Restoring the Elms
Since the 1960s, the community has preserved some of the memorial trees, and restored parts of the road to its original status. The highway was classified as a Scenic Historic Treasure by the State Arts Commission. Post 134 has replanted over 90 of the elms. In 1973, the trees won out over a proposal to widen Des Moines Road. In 1979, the word “Memorial” was added to Des Moines Way, and a signage program begun. The road's name was changed to Des Moines Memorial Drive in 1984.
In 1989, The University of Washington Center for Urban Horticulture completed a study of the remaining American Elms - a joint effort of King County, Seattle City Light and Puget Power - to help guide the future of the memorial. The Des Moines Memorial Advisory Committee was created in 2000 by an agreement between King County and Burien, Normandy Park, SeaTac, and Des Moines to oversee preservation of the Drive.
The Des Moines Memorial Drive Corridor Management Plan provides a framework for rehabilitation and enhancement of the Living Road of Remembrance. The Plan has three goals:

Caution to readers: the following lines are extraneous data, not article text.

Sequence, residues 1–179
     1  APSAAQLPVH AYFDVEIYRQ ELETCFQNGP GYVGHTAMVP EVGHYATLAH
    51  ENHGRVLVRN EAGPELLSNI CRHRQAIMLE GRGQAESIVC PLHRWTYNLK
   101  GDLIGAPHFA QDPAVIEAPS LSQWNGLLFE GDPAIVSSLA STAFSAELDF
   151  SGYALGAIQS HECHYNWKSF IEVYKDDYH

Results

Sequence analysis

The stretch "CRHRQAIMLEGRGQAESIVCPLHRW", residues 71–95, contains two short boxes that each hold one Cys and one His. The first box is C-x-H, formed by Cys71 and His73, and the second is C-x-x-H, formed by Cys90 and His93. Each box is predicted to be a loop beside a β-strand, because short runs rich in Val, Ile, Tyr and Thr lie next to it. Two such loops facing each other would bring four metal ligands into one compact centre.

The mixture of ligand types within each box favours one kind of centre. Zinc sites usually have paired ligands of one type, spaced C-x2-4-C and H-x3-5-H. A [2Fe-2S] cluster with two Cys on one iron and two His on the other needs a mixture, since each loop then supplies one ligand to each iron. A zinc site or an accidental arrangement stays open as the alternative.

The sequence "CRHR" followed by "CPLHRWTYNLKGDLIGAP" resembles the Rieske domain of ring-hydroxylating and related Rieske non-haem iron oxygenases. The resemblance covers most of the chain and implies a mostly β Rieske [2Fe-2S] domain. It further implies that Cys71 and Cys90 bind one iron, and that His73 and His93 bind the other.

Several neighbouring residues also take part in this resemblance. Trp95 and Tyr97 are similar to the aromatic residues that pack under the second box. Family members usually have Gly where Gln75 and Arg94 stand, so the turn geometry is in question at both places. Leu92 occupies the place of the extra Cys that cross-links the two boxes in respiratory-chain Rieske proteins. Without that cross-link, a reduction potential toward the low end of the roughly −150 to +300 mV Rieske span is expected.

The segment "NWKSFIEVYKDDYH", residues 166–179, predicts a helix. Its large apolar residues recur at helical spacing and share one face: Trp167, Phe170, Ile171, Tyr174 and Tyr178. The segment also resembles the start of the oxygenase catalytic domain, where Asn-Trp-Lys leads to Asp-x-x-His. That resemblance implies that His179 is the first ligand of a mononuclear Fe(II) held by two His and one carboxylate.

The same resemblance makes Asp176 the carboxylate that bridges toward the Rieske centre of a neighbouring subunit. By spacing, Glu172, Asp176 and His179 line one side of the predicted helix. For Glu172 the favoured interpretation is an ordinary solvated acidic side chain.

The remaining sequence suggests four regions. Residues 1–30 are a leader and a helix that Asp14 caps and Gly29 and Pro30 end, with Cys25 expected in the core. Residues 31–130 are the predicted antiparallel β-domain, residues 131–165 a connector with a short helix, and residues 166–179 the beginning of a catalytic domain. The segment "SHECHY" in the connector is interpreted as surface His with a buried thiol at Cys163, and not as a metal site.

- To establish guidelines for comprehensive rehabilitation, enhancement and promotion of the original living road of remembrance
- To comprehensively identify and document all intrinsic qualities located in the study area
- To establish and implement a long-term management plan. In addition, the plan is designed to meet the special requirements of national and state scenic byway and heritage corridors programs and to provide the basis for nominating Des Moines Memorial Drive to national, state and local historic registers
The jurisdictions are presenting the plan to their respective Councils. The next steps include pursuing "Heritage Tour Route" designation for the Drive, developing a capital funding strategy, applying for grants, and incorporating the Memorial rehabilitation guidelines into upcoming road projects.